Across the Europeverse: Near Mirandola, Italy
For most of the month of October, Arts Desk contributor Justin Moyer and his band, D.C. modern rock quartet Edie Sedgwick, are touring Europe. Here is his latest dispatch.
The Bologna show is canceled—or, more accurately, never booked—so we stay with my friend T. who lives in a farmhouse not far from Mirandola, a small town about one hour north of the city. Via text, T. suggests that we play in the kitchen of his farmhouse and offers to call a few friends to come see us. This strikes me as a disastrous idea—the equivalent to playing an invitation-only show in a suburb of, say, Wilkes-Barre, Pa.—but we leave the possibility open.
On the way to Mirandola, we buy wine for T. at a rest stop. I know nothing about wine, and consult with Drummer J. about the suspiciously low prices of rest-stop alcohol. Does the wine at Autogrill cost three euros per bottle because it is cheap, or because it is local? J. suggests that I not worry about prices or the depth of the indentation at the base of the bottle, but just try to buy a bottle with a vintage. I spend 20 euros on four bottles made in 2010 and 12 euros on highway tolls. When we arrive at T.’s, he is drinking wine from a box.
After T. cooks a pasta dinner and complains about Berlusconi, we walk to a bar a few blocks from T.’s house. I pay two euros for a Coca-Cola. The rest of the band orders drinks. Two policemen—friends of T.?—show up and pay for them. Then a number of T.’s friends show up at the bar—less than 10, but enough a critical mass to compel us to play a show in T.’s kitchen.
We return to the farmhouse, unload our gear and, not for the first time, move a kitchen table aside to set up our equipment. T. plays a few songs to "open" the "concert," and we are on. We bombard the kitchen with our aesthetics. My guitar amplifier is bigger than the oven. The bass cabinet is bigger than the kitchen sink. Still, people seem enthusiastic. I try to give away merchandise, but they insist on paying. We sell about 50 euros worth of stuff, and T. insists on giving me an additional 50 euros. When he plays a show in Mt. Pleasant next year at Haydees, I will give it back to him.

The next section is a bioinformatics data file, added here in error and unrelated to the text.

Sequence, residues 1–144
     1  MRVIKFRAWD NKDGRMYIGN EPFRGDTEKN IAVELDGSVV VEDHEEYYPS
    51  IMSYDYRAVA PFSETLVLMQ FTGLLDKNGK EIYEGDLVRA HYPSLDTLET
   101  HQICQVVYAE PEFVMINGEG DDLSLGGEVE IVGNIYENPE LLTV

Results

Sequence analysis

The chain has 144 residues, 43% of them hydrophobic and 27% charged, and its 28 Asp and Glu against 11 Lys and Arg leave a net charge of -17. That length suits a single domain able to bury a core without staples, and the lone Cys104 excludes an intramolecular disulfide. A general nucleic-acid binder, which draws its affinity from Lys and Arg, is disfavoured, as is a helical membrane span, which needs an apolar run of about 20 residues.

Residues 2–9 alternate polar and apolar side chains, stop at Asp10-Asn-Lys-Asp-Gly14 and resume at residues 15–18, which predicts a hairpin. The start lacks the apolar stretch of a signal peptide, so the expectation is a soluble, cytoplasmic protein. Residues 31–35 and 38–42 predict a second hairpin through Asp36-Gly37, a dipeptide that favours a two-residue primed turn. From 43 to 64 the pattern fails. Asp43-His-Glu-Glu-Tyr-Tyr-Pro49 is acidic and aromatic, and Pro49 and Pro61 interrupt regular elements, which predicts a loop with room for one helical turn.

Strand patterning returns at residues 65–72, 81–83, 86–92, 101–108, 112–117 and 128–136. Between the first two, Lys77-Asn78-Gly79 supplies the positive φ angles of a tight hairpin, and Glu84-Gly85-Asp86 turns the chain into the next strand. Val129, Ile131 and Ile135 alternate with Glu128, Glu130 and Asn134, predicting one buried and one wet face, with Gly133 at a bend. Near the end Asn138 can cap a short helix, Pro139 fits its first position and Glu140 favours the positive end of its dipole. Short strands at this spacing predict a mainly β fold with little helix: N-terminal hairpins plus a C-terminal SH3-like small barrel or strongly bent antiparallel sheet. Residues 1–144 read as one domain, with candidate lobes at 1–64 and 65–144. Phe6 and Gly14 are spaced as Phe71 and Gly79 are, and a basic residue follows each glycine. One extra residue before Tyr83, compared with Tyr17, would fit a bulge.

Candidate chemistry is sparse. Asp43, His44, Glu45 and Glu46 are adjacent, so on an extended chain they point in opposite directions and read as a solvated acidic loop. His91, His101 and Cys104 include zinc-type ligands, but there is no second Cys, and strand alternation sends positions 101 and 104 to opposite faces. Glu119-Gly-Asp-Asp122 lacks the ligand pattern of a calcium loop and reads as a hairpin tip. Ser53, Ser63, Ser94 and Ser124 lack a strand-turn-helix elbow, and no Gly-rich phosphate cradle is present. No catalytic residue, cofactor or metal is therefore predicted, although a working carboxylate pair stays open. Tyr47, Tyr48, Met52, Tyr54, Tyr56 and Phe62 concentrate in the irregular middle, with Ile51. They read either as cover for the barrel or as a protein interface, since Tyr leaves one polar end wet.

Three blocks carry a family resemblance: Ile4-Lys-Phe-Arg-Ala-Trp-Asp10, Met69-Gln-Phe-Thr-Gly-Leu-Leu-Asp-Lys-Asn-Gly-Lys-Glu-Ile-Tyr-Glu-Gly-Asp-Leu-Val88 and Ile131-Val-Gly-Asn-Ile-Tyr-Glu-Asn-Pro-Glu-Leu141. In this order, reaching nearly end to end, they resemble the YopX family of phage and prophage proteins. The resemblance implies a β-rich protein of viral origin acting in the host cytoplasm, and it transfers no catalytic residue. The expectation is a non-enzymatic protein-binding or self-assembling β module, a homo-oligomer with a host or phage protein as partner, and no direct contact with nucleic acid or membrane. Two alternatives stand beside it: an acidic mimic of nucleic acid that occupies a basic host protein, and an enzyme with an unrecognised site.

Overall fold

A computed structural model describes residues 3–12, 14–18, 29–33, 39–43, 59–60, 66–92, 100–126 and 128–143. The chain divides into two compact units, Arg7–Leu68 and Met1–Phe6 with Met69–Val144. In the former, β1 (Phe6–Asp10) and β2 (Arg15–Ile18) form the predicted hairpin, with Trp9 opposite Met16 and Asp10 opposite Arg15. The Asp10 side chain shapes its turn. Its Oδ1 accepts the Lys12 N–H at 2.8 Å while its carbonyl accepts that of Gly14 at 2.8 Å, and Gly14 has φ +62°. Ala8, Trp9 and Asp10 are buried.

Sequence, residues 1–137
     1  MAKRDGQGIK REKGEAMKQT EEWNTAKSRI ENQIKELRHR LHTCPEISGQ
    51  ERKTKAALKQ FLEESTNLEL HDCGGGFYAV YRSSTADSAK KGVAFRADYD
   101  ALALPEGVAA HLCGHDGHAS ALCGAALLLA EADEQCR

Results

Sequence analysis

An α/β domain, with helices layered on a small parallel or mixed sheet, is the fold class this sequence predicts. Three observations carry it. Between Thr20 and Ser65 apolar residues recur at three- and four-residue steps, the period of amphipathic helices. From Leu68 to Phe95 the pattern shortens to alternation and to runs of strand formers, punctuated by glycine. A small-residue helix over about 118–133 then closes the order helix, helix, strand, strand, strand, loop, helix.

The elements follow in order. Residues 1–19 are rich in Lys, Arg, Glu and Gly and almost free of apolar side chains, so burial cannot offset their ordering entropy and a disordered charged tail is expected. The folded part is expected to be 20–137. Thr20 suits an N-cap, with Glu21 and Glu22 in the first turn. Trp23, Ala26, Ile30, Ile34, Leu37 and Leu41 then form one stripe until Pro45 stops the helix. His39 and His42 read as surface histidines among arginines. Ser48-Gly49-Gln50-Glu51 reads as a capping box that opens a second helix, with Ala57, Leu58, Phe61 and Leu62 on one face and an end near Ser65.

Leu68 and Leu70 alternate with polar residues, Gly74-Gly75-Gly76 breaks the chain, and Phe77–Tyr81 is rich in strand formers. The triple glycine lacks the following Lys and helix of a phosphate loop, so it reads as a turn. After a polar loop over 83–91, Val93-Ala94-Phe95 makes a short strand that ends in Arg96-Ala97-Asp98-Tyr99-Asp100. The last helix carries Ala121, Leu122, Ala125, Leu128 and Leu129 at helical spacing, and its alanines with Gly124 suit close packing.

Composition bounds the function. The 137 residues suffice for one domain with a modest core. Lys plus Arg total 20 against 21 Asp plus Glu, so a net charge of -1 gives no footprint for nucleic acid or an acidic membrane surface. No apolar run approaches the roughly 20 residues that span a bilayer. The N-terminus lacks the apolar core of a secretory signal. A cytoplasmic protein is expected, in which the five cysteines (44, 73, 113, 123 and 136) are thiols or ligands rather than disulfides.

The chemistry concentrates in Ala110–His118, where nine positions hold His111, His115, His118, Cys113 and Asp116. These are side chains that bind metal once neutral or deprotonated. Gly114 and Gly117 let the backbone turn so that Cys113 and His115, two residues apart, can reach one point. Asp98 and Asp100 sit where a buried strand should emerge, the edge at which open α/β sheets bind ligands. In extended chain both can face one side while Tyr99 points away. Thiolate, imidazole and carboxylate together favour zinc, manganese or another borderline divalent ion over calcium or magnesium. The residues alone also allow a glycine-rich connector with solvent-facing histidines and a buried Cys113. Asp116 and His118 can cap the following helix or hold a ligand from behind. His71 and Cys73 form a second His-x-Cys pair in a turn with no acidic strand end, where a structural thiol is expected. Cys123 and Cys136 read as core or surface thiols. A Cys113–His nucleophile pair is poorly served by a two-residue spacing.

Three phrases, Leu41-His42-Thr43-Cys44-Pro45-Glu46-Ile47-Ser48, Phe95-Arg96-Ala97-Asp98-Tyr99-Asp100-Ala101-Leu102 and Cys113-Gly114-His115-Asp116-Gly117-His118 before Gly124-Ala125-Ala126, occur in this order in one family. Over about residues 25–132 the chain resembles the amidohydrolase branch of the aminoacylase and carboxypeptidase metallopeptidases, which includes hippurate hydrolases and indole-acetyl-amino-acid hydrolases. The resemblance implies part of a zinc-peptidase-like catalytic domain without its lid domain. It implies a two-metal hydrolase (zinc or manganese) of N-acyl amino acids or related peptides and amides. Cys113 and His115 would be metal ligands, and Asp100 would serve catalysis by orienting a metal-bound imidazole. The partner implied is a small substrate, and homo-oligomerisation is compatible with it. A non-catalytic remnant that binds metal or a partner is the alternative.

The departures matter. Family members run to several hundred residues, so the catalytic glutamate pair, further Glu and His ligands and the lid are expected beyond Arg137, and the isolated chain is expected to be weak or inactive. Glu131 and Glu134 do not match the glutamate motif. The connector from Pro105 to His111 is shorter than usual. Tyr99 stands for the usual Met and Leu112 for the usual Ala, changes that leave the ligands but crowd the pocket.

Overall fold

Sleeping on a twin mattress on the second floor of T.’s farmhouse, I dream about an alternative version of The Breakfast Club that, in the dream, is the version that John Hughes really wanted to make that, in the dream, is released on DVD for the first time. James Spader plays John Bender, the “criminal.” Holly Hunter plays Allison, the “basket case.” Brian, “The Brain,” and Andrew, “The Jock,” open up an amusement park that challenges Six Flags for the title “Most Popular Amusement Park in the Nation.” Claire, “The Prom Queen,” doesn’t appear.
Then the dream changes and I have to single-handedly haul a piano up Georgia Avenue, carry it up a flight of stairs, and push it into a townhome. “There’s nothing I can do,” I tell my father. “The piano won’t fit.” My father suggests that I put the piano in my Toyota Matrix. Then I wake up.